Sian Lloyd swaps the tv screen to become a fine dining chef for a day

Sian Lloyd receiving her fine dining masterclass from head chef Nick Brodie at Llangoed Hall watched by managing director Calum Milne.

Globetrotting television presenter Sian Lloyd took a break from filming at exotic places around the world to learn new cooking skills in the fine dining kitchen of an award winning Welsh country house hotel.


The former ITV weather forecaster, who is passionate about Welsh food, agreed to become a chef for the day to promote the value of vocational qualifications in the lead up to the VQ Awards in Wales in June 9 and national VQ Day the following day.


The VQ Awards are organised by the Welsh Government’s Department for Education and Skills (DfES), the National Training Federation for Wales (NTfW) and CollegesWales. The awards arepart funded by the European Social Fund.


Sian, who is filming a series on climate change for American television company CNN and also writes holiday reviews for the Mail on Sunday, was drafted into the kitchen at Llangoed Hall at Llyswen, near Builth Wells, one of her favourite places to dine and stay.


Under the guidance of head chef Nick Brodie, she learnt new culinary skills by preparing fine dining dishes for the hotel’s award-winning restaurant, which was upgraded to three rosettes by the AA in 2014.


“Food has always been a big passion of mine but I don’t think I would have had the skill or the patience to become a top chef,” confessed Sian. “I admire them so much. I did Master Chef at one point and worked in a professional kitchen where I saw how difficult it was.


“I am passionate about promoting Welsh food and they cook it so beautifully at Llangoed Hall, which is one of my favourite restaurants in Wales. Nick is hugely talented and it’s only a matter of time before he gets a Michelin star.


“Although I love food, I am a wimpish cook. I am a generous entertainer but I tend to cook easy food that I can’t ruin when we have guests. Hopefully, the masterclass I have had from Nick will encourage me to be a bit more adventurous in future.”


Mr Brodie was impressed by the cooking skills of his apprentice for the day and said that she definitely had potential to become a chef.


Sian is a big supporter of vocational qualifications and work-based learning. “I am a great admirer of NPTC Group’s Newtown campus and have seen the phenomenal work they do in the catering department to encourage students to develop skills and achieve qualifications that will be vital to their careers,” she explained.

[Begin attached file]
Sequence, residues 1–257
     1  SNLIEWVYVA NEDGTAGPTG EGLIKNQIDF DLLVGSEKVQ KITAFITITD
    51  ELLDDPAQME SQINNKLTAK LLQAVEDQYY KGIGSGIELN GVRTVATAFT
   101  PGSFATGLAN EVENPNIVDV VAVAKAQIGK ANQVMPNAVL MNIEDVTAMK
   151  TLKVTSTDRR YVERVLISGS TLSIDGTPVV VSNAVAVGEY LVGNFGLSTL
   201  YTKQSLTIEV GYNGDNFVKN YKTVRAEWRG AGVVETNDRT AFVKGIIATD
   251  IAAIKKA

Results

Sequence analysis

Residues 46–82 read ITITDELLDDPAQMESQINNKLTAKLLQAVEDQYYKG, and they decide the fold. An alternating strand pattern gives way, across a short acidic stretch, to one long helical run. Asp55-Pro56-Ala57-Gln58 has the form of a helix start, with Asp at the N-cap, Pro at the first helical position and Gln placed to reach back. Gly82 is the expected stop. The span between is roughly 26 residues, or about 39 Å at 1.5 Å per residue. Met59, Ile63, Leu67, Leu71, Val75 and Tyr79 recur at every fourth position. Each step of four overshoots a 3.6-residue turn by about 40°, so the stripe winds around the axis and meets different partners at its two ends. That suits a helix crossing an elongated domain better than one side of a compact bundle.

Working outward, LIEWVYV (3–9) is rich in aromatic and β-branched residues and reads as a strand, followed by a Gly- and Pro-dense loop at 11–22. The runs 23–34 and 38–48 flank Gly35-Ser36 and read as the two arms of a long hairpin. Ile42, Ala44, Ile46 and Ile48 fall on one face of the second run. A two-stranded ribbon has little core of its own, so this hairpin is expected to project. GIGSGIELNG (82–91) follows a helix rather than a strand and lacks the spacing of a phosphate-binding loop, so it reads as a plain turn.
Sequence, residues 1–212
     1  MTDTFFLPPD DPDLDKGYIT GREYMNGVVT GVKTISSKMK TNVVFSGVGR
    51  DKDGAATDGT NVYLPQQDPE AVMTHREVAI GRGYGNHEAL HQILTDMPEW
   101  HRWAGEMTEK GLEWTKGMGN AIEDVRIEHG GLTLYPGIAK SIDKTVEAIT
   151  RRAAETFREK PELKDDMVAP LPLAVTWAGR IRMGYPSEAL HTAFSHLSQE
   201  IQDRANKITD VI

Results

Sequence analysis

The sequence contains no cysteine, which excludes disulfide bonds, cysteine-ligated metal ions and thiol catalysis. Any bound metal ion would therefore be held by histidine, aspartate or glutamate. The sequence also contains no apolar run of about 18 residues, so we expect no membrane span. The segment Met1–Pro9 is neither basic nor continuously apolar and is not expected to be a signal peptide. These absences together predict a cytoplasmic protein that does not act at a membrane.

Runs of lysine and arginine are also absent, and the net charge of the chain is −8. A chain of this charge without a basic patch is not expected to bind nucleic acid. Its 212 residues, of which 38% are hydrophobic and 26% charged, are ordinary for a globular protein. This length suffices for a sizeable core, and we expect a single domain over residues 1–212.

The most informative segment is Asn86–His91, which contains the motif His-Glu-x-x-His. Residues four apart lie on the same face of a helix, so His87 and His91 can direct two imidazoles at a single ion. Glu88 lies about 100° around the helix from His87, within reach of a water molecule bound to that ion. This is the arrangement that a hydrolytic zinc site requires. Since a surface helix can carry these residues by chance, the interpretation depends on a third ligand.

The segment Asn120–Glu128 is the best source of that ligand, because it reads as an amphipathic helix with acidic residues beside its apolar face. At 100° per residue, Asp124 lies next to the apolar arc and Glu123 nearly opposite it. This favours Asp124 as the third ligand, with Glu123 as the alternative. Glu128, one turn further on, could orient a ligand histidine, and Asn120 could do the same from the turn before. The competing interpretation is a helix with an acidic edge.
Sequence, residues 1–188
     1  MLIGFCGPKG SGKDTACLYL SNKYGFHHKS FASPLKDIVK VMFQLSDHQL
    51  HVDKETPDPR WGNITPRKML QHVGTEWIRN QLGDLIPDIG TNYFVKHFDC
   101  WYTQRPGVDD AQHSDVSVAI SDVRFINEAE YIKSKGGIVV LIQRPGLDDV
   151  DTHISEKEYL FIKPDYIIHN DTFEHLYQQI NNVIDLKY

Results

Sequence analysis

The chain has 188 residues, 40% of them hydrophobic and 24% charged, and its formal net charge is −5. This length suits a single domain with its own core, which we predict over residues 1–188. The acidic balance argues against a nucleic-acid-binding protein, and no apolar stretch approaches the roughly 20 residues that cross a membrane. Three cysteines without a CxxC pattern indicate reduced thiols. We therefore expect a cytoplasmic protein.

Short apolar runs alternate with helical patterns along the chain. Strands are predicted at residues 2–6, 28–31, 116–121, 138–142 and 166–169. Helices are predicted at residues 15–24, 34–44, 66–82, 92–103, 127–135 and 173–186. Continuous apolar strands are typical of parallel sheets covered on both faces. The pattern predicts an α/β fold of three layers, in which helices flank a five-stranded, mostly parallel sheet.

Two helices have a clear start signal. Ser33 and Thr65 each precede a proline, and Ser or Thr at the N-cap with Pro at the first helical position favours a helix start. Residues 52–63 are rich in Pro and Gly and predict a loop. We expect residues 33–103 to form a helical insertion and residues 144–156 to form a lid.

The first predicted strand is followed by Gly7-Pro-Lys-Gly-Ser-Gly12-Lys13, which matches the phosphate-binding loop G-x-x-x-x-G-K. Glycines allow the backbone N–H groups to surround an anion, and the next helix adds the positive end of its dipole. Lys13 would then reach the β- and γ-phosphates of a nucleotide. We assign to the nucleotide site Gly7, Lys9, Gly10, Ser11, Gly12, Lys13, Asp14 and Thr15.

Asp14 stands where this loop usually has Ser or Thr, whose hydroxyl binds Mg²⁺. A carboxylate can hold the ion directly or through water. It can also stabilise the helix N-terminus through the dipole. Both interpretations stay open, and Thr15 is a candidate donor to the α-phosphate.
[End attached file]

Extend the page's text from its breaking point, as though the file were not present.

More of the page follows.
“With so many people going for jobs nowadays, employers are looking closely at qualifications and work-based experience. Anything that gives you the edge has got to be beneficial.”


Calum Milne, Llangoed Hall’s managing director, is an ambassador for food and drink skills in Wales and a strong advocate of work-based and lifelong learning. He employs 50 staff, seven of whom are undergoing training programmes, including two catering apprenticeships.


“There was a time when I said that qualifications meant not as much as experience, but in hindsight and having maturity on my side, I would now say they both work better together.


“Work-based learning has more growth potential for encouraging people into the hospitality industry because they have no false expectations of it. This is a lifestyle industry from which there can be many great rewards. Whether you’re 17 or 51 there is no limit to anybody’s learning capacity.”


VQ Day is a national celebration of people who have achieved success in vocational education in Wales. Vocational qualifications have never been more important to the economy and the individual; they deliver the trained, talented employees businesses are crying out for and ensure young people have the skills needed to succeed in education and work.


VQ Day supports the aspiration that vocational qualifications, which are not just for young people, should achieve parity of esteem alongside other educational routes.


The VQ Awards in Wales help to showcase individuals and organisations that have raised the standard of the services they offer as a result of vocational qualifications.


There are two award categories: the VQ Learner of the Year and the VQ Employer of the Year. Finalists will be shortlisted from entries and announced in early May. The winners will be revealed at an awards ceremony to be held at St David’s Hotel, Cardiff on the evening of June 9, the eve of VQ Day.